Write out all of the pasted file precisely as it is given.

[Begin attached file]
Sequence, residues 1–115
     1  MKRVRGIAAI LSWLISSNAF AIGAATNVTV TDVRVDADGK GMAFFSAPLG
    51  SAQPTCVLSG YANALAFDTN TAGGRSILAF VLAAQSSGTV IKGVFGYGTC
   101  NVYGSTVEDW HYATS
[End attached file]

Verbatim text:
Sequence, residues 1–115
     1  MKRVRGIAAI LSWLISSNAF AIGAATNVTV TDVRVDADGK GMAFFSAPLG
    51  SAQPTCVLSG YANALAFDTN TAGGRSILAF VLAAQSSGTV IKGVFGYGTC
   101  NVYGSTVEDW HYATS